“If you work hard and lace up your shoes, you can have the American dream, that’s a bunch of hogwash,” informed San Antonio Spurs head coach Gregg Popovich when asked what black history month meant to him.
— Jabari Young (@JabariJYoung) February 3, 2017
Speaking to Jabari Young, who covers the Spurs & NBA for the San Antonio Express-News, the five-time NBA champion mused that he is always intrigued when asked if we always have to talk about race. “You’re damned right we do,” he scolds. Popovich claims racism is America’s “national sin” and it is “systemic” when it comes to equality of opportunity.
“If you were born white, you automatically have a monstrous advantage educationally, economically, culturally in this society,” insists Popovich who turned 68 last week. Popovich doesn’t talk about the fact that blacks hold a three to one margin of players over whites in the NBA, totaling 68% of the league according to a 2014 census survey. Certainly, some of those blacks got to the NBA by lacing up their shoes and working hard.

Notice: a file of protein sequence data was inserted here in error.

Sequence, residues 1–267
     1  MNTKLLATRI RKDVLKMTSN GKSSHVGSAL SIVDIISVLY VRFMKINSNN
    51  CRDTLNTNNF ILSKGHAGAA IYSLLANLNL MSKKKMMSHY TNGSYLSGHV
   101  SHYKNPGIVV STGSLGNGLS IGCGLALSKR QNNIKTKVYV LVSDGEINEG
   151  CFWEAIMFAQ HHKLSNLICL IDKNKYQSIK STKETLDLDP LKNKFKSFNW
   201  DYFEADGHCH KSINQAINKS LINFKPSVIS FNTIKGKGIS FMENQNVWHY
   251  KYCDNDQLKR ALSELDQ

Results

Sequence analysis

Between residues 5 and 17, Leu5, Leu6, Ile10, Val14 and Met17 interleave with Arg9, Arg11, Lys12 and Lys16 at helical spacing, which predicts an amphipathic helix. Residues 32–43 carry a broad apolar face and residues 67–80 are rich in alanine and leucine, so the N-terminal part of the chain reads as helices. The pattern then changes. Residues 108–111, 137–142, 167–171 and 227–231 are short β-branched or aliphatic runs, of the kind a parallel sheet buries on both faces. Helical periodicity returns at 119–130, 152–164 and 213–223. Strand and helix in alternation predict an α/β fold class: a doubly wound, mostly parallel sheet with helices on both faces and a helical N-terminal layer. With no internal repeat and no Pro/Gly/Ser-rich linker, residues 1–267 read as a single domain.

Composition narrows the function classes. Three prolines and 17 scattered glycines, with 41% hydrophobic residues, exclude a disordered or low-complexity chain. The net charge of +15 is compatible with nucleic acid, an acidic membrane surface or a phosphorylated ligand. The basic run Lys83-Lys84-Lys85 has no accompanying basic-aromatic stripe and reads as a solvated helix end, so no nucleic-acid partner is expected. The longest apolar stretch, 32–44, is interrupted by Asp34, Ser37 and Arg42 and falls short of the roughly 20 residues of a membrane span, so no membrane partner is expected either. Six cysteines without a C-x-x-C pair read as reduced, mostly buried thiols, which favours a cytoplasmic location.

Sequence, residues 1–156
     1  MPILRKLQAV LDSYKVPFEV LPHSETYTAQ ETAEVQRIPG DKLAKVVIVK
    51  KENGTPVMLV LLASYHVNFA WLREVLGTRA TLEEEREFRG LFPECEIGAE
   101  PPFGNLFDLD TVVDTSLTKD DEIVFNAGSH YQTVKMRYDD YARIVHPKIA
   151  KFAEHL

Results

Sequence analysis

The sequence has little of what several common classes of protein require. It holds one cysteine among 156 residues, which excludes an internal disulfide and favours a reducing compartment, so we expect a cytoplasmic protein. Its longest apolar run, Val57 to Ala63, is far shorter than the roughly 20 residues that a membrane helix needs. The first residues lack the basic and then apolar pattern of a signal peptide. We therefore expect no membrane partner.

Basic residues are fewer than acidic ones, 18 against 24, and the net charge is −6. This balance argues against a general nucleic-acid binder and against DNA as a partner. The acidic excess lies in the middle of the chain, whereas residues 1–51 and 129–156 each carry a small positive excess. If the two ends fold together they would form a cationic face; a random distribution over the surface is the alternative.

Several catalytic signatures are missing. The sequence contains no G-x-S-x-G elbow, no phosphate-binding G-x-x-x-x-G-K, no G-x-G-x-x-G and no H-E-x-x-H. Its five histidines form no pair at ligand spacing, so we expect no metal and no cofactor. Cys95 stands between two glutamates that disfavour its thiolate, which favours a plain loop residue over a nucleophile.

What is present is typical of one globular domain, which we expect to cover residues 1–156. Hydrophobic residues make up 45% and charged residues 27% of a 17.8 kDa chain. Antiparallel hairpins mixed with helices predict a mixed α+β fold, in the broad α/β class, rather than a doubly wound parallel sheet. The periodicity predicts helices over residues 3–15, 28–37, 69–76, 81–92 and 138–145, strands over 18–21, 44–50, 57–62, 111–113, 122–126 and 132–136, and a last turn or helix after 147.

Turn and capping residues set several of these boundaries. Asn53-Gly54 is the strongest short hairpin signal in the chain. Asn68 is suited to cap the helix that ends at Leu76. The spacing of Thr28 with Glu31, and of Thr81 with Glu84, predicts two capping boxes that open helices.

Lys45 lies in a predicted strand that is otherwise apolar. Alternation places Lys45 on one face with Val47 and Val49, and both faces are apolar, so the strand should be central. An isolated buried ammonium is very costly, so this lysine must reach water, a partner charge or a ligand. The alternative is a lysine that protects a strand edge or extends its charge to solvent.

Not sure if the black victimization message Popovich gives during black history month is doing anyone a favor. After America just had a black president for the last eight years, doesn’t that mean that even a black American, who managed to obtain an Ivy League education (Columbia and Harvard), can give coach Popovich some hope that a black man can indeed rise to the top in America? Maybe Tiger Woods, Oprah, Beyonce, Jay-Z, Chris Rock, and these 100 top black executives can pull Popovich out of his depression.
Of course, there is racism in America. But, the fact is lacing your shoes up and working hard every day opens up broad opportunities. Couldn’t Popovich offer that message to young blacks in America rather than simply victimizing them and telling them the cards are stacked against you?
Nope. Coach contends that systemic roadblocks exist to keep blacks down, “whether it’s in a judicial sense, a neighborhood sense with laws, zoning, education, we have huge problems in that regard that are very complicated.” He added, America doesn’t have the “leadership, time, and real concern to try to solve. It’s a tough one because people don’t really want to face it.”
You can listen to Popovich’s entire three-minute Black History Month comments here.